- Oil prices slumped the most since 1991 after Saudi Arabia’s weekend price cuts sparked a race to the bottom between OPEC, Russia, and the US.
- Brent crude futures sank as much as 31% to $31.02 per barrel Monday morning, while West Texas Intermediate contracts tumbled as much as 34% to $27.34 per barrel.
- The new volatility in oil markets “completely changes the outlook” and could see Brent crude sink as low as $20 per barrel in 2020, Goldman Sachs analysts wrote.
- Watch Brent crude trade live here.
Oil prices tanked the most since 1991 in early Monday trading after Saudi Arabia slashed prices and prompted retaliation from Russia.
Demand for the commodity has plummeted since the coronavirus began tearing into the global travel and tourism industries, leaving the Organization of Petroleum Exporting Countries racing to support the ailing sector. Russia refused OPEC’s plan to slash production and support the market, driving the price of Brent crude down nearly 10% on Friday to $45.27 per barrel.
Saudi Arabia fired back on Saturday, cutting its prices the most in 20 years and sparking a price war between OPEC, Russia, and the US. The fallout pushed Brent crude futures down as much as 31% to $31.02 per barrel on Monday morning, its second-biggest drop since the Gulf War in 1991.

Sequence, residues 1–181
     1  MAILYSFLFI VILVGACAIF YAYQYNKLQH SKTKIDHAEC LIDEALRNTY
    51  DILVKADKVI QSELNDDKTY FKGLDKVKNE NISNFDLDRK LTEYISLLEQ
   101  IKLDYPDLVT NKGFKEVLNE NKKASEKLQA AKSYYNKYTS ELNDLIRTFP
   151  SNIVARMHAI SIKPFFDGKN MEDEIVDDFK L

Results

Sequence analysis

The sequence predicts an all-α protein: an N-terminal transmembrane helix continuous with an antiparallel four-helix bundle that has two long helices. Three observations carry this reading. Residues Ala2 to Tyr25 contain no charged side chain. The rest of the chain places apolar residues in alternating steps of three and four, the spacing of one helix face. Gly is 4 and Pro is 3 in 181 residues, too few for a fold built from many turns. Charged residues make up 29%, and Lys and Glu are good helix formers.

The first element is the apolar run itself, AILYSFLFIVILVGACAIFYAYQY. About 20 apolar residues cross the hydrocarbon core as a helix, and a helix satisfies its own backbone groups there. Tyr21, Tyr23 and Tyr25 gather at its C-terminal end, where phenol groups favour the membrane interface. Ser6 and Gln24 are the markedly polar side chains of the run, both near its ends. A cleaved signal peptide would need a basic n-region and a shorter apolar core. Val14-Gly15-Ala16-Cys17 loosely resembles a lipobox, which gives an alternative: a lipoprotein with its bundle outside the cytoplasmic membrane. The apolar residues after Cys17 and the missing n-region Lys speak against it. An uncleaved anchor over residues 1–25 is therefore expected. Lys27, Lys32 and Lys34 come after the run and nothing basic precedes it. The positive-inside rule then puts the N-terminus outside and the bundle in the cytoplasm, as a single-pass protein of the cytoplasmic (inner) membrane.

West Texas Intermediate futures sank as much as 34% to $27.34 per barrel.
Prices for both oil classes partially recovered through the morning. Brent traded down 22% to $35.30 per barrel as of 9:20 a.m. ET. WTI was down 22% to $32.12 per barrel.
“This completely changes the outlook for the oil and gas markets, in our view, and brings back the playbook of the New Oil Order, with low cost producers increasing supply from their spare capacity to force higher cost producers to reduce output,” Goldman Sachs analysts wrote Monday.
The bank lowered its second- and third-quarter Brent forecasts to $30 per barrel, adding that potential price drops could even see the commodity sink to $20 per barrel.
The oil pricing chaos drove fresh volatility across other markets. Stock market futures tumbled before the open, and yields for all US Treasury bills dipped below 1% for the first time ever.
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